It’s hard to believe it, but it has been over a year since I reviewed Arkham City on Xbox 360 and PlayStation 3. Still considered one of the best games of 2011, Arkham City now returns for a second round on Nintendo’s new Wii U console. We still have the original intact, but Rocksteady have added some new features, and included all the DLC for what ends up being the ultimate version of the game. Again, much like a lot of the Wii U launch lineup though, it’s really only for those that have not already partaken in Bruce Wayne’s latest outing.
The new subtitle is not just to differentiate it from the other versions; it actually serves a purpose. Both Batman and Catwoman now have new armored suits that build up energy as you land attacks, this is known as the B.A.T. System. Fill the meter up, tap on the touch screen, and you can unleash a flurry of attacks with increased attack power, and quicker reflexes. It is a pretty neat addition to an already outstanding combat system.
The Wii U version also implements touch screen mechanics; a lot of touch screen mechanics. Every single menu in the game is handled on the touch screen. From selecting weapons to upgrading abilities, you have to do it all on the Gamepad. This might not sound obtrusive, but it is. You see, no one plays console games with a stylus out, and the Wii U Gamepad screen is, like the 3DS, fickle when it comes to finger touches. Cycling through menus is a pain, and upgrading is a chore thanks to this. I really wish they had made it a bit more intuitive with the screen, or at least given us the option to use the standard menu system.
The touch screen controls don’t end there, though. The gadgets also get in on the fun this time around. Things like the hacking system have completely new mini-games, none of which are as intuitive, and almost feel gimmicky at times. I really don’t need to trace lines on a screen to hack. That part of the game worked because it was simple and non-intrusive to begin with; now it is just a nuisance. The detective modes also use the screen by having you put it up to the TV to scan the environment. Again, it’s good in theory, but in practice, it just makes things more cumbersome than they need to be.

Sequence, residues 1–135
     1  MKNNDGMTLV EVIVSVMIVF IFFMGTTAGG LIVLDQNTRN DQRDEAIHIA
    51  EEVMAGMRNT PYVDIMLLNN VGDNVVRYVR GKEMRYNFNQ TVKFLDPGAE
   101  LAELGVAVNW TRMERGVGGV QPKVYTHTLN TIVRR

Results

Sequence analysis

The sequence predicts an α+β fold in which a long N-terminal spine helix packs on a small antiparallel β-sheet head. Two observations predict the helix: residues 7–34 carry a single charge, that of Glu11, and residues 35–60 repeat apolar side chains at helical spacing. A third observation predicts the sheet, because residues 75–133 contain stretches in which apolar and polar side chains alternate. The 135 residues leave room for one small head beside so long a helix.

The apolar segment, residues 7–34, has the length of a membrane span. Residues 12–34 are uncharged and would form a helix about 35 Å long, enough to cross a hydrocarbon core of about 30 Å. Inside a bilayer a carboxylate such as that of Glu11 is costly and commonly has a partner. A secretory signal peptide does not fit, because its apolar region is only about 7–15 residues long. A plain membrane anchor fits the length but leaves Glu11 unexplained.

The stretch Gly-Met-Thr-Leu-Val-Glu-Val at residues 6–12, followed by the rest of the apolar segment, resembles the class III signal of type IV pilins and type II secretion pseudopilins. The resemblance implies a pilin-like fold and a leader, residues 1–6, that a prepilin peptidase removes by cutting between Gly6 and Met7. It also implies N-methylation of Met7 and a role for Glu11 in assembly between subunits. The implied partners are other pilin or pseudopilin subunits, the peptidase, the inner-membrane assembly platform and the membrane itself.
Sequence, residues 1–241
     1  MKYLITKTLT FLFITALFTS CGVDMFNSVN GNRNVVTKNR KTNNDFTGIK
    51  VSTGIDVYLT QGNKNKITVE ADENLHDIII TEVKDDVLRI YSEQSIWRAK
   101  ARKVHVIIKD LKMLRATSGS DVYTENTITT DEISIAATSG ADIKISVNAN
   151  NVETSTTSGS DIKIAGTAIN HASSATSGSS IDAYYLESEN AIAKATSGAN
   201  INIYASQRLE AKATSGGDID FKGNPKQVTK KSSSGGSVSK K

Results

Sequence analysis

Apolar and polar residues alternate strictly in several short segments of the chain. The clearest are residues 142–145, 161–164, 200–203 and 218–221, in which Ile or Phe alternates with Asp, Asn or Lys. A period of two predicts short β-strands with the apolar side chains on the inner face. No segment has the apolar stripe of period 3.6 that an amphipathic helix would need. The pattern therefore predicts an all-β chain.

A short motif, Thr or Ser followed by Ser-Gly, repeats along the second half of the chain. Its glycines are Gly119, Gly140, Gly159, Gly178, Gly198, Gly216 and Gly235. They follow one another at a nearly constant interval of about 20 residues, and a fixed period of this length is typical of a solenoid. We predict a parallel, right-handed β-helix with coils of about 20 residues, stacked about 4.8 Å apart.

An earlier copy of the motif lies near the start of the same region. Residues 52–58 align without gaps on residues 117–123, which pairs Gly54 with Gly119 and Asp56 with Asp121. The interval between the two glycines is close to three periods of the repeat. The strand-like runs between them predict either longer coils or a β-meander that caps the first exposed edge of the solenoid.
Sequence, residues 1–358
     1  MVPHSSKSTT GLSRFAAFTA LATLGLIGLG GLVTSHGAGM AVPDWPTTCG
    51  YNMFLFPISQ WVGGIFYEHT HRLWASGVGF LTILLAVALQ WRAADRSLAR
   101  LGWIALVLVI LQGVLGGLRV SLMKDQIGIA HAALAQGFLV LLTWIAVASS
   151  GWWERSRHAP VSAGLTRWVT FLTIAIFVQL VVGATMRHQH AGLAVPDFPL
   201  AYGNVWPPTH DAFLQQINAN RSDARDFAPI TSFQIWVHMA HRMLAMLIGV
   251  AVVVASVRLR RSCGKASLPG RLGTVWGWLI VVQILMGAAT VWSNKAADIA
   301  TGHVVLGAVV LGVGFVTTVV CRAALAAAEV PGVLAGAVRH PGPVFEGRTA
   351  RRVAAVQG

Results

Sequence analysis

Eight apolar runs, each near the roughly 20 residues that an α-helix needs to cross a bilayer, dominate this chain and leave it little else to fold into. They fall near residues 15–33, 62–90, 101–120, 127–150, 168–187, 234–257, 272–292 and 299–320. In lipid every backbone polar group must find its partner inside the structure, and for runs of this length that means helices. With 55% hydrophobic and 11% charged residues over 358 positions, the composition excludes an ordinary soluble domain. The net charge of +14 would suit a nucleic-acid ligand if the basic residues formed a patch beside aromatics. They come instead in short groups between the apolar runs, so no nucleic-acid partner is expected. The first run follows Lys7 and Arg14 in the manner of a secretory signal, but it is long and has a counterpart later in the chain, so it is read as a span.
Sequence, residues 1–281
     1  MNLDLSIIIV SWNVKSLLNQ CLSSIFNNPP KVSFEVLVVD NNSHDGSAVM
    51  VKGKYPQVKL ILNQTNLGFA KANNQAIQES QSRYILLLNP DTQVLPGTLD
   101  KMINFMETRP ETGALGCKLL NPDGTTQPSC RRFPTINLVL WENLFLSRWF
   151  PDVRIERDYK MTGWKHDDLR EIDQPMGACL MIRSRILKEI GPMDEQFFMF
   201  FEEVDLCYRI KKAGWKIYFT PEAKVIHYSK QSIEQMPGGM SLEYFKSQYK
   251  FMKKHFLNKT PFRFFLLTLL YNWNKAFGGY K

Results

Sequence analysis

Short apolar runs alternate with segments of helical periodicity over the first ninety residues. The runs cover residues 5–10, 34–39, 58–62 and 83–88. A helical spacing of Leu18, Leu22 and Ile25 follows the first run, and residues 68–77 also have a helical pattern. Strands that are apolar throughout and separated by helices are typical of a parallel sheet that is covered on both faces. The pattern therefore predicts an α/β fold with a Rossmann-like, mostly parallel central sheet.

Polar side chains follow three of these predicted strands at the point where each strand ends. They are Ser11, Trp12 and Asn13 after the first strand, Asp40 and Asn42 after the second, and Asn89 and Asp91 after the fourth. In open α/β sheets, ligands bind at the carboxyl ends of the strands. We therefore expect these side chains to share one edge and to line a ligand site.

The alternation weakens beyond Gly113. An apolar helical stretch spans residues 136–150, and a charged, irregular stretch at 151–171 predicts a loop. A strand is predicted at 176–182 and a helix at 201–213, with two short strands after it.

Rocksteady also felt the need to add motion controls to the game for your Batarang and Batclaw. Again like the other gadgets, this is an unnecessary evil. Tilting the Gamepad to weave Batarangs around the electrical currents was already challenging, with motion controls it can be downright frustrating. Thankfully, the devs still let you use the right analog stick to aim, but you can’t shut off the motion, meaning you better hold still while tossing those Batarangs around, lest you become even more frustrated. Lord forbid you if you sneeze.
Of course, the main game is still fantastic in every facet. The story is expertly penned, and the combat is silky smooth. Nintendo fans that have never played one of these titles is in for a treat. In addition to the lengthy main game, Rocksteady has also tossed in all of the additional DLC released for the game in the past year. Harley Quinn’s Revenge and the new Robin pack are both included, as well as the host of outfits and such. Like any game in the Wii U’s launch lineup, it is packed with content that the other system owners had to wait for.
Of course not all is glorious in the land of Arkham. Armored Edition comes packed with some weird glitches and issues. Audio tends to drop in and out at random, and there are some weird visual effects that just feel off. The game also has a weird look to it. Not a bad look, but it just feels off for some reason.
This is still the same great Arkham City we played last year, but the new gimmicks, weird visual issues and glitches make it truly an inferior version when compared to the others. I really wish they had put more thought into how to implement the touch screen into the mix, because as it stands, it is more hindrance than help. Still, for those that have never played the game, a lot of this can be glossed over. This is still one of the best games of last year, and if you can deal with its attempts to separate it, instead of simply being a straight port, you will find plenty to love.
To read our original review of Batman: Arkham City for 360 and PS3, click here.
Review copy of game provided by publisher.